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Aesop's Fables   


am sure than I can see, Mother!" In the desire to prove to him
his mistake, his Mother placed before him a few grains of
frankincense, and asked, "What is it?' The young Mole said, "It
is a pebble." His Mother exclaimed: "My son, I am afraid that you
are not only blind, but that you have lost your sense of smell.


The Herdsman and the Lost Bull

A HERDSMAN tending his flock in a forest lost a Bull-calf from
the fold. After a long and fruitless search, he made a vow that,
if he could only discover the thief who had stolen the Calf, he
would offer a lamb in sacrifice to Hermes, Pan, and the Guardian
Deities of the forest. Not long afterwards, as he ascended a
small hillock, he saw at its foot a Lion feeding on the Calf.
Terrified at the sight, he lifted his eyes and his hands to
heaven, and said: "Just now I vowed to offer a lamb to the
Guardian Deities of the forest if I could only find out who had
robbed me; but now that I have discovered the thief, I would
willingly add a full-grown Bull to the Calf I have lost, if I may
only secure my own escape from him in safety."


The Hare and the Tortoise

A HARE one day ridiculed the short feet and slow pace of the
Tortoise, who replied, laughing: "Though you be swift as the
wind, I will beat you in a race." The Hare, believing her
assertion to be simply impossible, assented to the proposal; and
they agreed that the Fox should choose the course and fix the
goal. On the day appointed for the race the two started
together. The Tortoise never for a moment stopped, but went on
with a slow but steady pace straight to the end of the course.
The Hare, lying down by the wayside, fell fast asleep. At last
waking up, and moving as fast as he could, he saw the Tortoise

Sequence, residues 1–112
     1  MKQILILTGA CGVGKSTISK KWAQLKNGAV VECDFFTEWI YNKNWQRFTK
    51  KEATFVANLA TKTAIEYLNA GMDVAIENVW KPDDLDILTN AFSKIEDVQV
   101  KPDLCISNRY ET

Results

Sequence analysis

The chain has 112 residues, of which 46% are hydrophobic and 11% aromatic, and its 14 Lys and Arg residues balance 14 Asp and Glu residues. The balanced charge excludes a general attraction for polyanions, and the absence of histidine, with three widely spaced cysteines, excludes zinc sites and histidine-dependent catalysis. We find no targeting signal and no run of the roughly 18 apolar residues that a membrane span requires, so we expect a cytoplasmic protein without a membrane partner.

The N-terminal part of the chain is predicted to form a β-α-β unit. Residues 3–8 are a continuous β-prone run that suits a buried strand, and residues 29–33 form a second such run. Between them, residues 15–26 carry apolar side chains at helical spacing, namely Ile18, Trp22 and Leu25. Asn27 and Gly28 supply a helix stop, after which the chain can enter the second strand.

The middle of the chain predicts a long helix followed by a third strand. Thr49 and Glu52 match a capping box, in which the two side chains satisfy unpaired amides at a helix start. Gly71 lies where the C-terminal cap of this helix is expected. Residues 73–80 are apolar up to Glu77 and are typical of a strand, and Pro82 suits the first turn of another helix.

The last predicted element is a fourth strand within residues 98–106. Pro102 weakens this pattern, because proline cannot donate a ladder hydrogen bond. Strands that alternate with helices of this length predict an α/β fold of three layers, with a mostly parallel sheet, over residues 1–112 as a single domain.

had reached the goal, and was comfortably dozing after her
fatigue.

Slow but steady wins the race.


The Pomegranate, Apple-Tree, and Bramble

THE POMEGRANATE and Apple-Tree disputed as to which was the most
beautiful. When their strife was at its height, a Bramble from
the neighboring hedge lifted up its voice, and said in a boastful
tone: "Pray, my dear friends, in my presence at least cease from
such vain disputings."


The Farmer and the Stork

A FARMER placed nets on his newly-sown plowlands and caught a
number of Cranes, which came to pick up his seed. With them he
trapped a Stork that had fractured his leg in the net and was
earnestly beseeching the Farmer to spare his life. "Pray save
me, Master," he said, "and let me go free this once. My broken
limb should excite your pity. Besides, I am no Crane, I am a
Stork, a bird of excellent character; and see how I love and
slave for my father and mother. Look too, at my feathers--
they are not the least like those of a Crane." The Farmer
laughed aloud and said, "It may be all as you say, I only know
this: I have taken you with these robbers, the Cranes, and you
must die in their company."

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